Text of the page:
Thursday, January 11, 2018

Street Drugs and Pregnancy: What You Need to Know

Did you know that roughly one in 20 women – or 5 percent – take street drugs during pregnancy? And, according to a recent California-based study, marijuana use among moms-to-be climbed from 4.2% to 7.1% from 2009 through 2016. 

Whether pot, cocaine, heroin or ecstasy, street drugs and pregnancy just don’t mix — and can cause devastating (even fatal) effects before, during, and after pregnancy for you and your baby-to-be. This is because many substances pass easily through the placenta, so the drugs you take during pregnancy, to some degree, reach the baby. In fact, when a baby is exposed to drugs in the womb before birth, he or she can experience severe drug withdrawal immediately or up to 14 days after birth.

Complications caused by street drugs don’t just end after childbirth. Drug addiction can also lead to mental health issues and severely impair your ability to parent. In turn, as the child grows older, his or her physical, mental and emotional development will suffer.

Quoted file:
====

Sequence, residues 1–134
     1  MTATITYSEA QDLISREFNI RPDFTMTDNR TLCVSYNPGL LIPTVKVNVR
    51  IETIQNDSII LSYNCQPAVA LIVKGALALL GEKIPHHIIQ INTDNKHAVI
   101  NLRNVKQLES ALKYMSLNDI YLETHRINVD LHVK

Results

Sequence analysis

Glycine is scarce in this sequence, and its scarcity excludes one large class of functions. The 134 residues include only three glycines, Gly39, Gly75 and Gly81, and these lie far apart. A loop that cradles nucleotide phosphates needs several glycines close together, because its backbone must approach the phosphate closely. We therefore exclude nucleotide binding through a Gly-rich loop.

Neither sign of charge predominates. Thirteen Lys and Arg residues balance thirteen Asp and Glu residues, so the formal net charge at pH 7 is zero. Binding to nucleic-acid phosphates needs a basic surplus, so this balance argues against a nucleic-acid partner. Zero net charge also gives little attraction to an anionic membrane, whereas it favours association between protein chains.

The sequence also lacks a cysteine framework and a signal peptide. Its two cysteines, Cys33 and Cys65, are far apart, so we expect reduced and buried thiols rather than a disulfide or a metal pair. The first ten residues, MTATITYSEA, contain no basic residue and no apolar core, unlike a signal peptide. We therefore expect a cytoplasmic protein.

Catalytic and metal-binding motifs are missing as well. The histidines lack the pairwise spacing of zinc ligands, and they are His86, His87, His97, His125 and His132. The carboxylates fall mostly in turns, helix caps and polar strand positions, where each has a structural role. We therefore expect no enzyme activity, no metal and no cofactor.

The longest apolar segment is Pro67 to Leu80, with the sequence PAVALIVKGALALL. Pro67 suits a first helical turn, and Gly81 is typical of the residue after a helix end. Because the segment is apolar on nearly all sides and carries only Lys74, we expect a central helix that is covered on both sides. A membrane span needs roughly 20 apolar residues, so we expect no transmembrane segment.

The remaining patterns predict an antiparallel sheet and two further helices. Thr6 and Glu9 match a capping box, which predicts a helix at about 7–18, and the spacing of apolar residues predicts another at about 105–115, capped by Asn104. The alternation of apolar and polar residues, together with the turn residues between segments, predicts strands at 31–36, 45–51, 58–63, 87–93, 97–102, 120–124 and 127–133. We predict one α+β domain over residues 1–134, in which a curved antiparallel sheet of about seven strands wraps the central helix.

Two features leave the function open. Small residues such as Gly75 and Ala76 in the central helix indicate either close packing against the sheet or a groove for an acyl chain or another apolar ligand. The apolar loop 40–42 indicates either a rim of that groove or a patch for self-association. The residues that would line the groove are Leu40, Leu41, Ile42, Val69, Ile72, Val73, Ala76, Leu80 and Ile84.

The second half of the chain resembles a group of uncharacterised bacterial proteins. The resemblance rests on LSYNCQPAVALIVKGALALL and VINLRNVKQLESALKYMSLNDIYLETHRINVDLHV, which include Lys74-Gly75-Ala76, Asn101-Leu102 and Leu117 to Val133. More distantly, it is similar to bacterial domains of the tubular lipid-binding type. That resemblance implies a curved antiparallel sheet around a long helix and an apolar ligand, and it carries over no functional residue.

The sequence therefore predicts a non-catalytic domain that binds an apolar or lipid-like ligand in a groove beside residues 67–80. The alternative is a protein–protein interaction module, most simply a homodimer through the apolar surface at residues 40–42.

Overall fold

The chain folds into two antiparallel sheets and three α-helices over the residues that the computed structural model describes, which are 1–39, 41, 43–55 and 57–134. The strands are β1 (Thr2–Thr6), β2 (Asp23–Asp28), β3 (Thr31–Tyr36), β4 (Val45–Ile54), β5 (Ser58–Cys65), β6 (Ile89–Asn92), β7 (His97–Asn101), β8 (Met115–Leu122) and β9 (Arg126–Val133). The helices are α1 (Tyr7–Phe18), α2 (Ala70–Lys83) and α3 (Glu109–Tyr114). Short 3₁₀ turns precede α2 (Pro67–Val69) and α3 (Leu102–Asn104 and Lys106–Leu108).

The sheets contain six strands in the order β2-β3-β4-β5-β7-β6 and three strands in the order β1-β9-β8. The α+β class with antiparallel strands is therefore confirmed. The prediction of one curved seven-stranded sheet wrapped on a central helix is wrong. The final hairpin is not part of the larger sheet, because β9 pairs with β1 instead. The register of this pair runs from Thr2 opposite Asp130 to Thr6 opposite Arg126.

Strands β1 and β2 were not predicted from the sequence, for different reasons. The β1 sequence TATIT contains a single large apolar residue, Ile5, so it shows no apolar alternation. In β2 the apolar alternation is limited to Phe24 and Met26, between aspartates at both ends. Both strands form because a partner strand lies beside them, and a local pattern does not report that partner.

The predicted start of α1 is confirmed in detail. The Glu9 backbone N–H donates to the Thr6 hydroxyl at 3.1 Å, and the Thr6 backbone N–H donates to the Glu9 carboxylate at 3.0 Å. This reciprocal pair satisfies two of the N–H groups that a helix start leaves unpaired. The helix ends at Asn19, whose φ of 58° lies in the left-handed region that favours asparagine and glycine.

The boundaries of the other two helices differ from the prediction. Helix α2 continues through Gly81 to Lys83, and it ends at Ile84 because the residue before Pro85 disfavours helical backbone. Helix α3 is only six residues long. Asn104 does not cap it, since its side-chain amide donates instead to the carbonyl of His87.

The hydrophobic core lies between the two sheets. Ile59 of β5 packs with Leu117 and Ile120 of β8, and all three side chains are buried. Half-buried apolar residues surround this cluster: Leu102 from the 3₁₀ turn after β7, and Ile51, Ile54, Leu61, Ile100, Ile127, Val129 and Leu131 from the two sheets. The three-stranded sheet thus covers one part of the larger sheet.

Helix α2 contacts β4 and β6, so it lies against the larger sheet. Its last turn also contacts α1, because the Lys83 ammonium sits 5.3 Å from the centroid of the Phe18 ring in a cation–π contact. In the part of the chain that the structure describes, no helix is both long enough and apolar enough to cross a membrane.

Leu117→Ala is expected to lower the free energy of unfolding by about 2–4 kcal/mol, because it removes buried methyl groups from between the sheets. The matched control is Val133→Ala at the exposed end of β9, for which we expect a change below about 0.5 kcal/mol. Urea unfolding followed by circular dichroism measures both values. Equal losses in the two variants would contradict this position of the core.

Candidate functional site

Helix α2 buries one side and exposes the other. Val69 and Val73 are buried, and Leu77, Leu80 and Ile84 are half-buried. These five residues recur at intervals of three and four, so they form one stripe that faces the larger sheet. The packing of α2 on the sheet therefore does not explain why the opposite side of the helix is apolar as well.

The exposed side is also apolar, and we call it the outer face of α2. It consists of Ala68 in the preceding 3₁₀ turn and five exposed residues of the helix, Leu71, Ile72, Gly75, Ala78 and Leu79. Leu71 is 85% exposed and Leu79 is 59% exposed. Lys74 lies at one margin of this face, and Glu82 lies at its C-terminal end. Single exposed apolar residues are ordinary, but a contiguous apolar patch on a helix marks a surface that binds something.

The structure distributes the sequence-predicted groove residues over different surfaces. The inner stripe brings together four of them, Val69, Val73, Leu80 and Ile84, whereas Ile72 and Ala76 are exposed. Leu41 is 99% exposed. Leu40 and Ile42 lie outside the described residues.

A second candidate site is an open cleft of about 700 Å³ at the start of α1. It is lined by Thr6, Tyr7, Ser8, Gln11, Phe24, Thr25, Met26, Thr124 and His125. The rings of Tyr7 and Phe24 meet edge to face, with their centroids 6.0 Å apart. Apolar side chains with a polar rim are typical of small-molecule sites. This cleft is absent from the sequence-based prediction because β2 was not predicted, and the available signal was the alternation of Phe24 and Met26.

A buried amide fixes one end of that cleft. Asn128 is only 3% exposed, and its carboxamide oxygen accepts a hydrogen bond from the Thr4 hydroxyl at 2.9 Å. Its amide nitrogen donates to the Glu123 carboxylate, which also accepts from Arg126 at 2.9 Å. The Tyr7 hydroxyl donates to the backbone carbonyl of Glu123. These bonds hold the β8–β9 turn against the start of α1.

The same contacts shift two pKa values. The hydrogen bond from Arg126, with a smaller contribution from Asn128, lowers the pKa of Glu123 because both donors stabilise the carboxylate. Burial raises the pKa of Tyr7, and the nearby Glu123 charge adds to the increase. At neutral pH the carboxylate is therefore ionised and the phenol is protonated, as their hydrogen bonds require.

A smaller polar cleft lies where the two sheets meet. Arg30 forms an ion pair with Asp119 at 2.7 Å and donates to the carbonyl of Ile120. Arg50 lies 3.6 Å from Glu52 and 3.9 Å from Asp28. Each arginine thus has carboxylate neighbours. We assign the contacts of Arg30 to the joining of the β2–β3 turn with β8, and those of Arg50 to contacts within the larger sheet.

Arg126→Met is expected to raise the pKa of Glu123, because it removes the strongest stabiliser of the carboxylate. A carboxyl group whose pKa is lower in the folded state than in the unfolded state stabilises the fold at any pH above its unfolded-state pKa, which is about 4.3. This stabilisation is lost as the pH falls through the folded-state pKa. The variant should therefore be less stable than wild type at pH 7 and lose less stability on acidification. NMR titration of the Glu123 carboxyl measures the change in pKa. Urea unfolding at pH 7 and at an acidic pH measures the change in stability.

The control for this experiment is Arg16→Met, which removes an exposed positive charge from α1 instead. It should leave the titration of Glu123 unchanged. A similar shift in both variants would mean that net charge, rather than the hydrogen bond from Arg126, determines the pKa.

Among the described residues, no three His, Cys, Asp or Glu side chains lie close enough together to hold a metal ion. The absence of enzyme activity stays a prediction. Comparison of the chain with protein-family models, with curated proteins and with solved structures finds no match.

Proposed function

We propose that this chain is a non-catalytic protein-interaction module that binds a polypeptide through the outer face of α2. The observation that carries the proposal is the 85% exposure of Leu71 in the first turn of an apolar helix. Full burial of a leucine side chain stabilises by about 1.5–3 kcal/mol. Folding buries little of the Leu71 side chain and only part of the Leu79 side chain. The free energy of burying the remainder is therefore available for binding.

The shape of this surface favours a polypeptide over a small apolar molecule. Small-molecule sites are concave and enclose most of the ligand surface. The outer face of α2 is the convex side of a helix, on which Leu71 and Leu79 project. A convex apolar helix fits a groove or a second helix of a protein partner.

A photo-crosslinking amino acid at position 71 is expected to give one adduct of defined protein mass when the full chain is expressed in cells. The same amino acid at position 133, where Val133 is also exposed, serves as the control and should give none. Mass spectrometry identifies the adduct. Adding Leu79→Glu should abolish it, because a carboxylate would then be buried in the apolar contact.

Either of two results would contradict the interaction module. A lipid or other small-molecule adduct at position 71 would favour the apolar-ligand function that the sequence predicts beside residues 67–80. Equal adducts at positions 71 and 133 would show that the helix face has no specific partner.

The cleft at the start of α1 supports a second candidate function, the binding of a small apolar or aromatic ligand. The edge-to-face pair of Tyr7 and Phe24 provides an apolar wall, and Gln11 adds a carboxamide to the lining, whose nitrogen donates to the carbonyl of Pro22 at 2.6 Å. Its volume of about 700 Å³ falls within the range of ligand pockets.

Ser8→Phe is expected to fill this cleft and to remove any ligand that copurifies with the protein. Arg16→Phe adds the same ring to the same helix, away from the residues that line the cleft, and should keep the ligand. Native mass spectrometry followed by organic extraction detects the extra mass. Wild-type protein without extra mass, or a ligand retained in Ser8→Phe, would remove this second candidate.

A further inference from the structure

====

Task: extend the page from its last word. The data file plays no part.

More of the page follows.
Risks of Substance Abuse During Pregnancy
Many women who use street drugs may use more than one drug and also have other unhealthy behaviors, like smoking and drinking alcohol, according to the March of Dimes. This makes it a bit tricky to pinpoint exactly how each drug affects pregnancy. Still, there are plenty of adverse health effects linked to these risky behaviors, including: 
  • Infertility
  • Problems with the placenta
  • Preterm labor
  • Miscarriage
  • Stillbirth
  • Premature birth 
  • Low birth weight
  • Smaller-than-normal head size (called reduced head circumference)
  • Heart defects
  • Birth defects
  • Infections, including hepatitis C, HIV (the virus that causes AIDS) and Zika
  • Neonatal abstinence syndrome (NAS)
  • Sudden infant death syndrome (SIDS) 
Addiction Treatment for Moms-to-Be
Pregnancy is the perfect opportunity to take charge of your health and change any patterns of alcohol and/or substance use. At Rising Roads, we understand the unique challenges of women and our female staff can help you start on a healing path toward lasting sobriety. To learn more, call us today: 866-746-1558.

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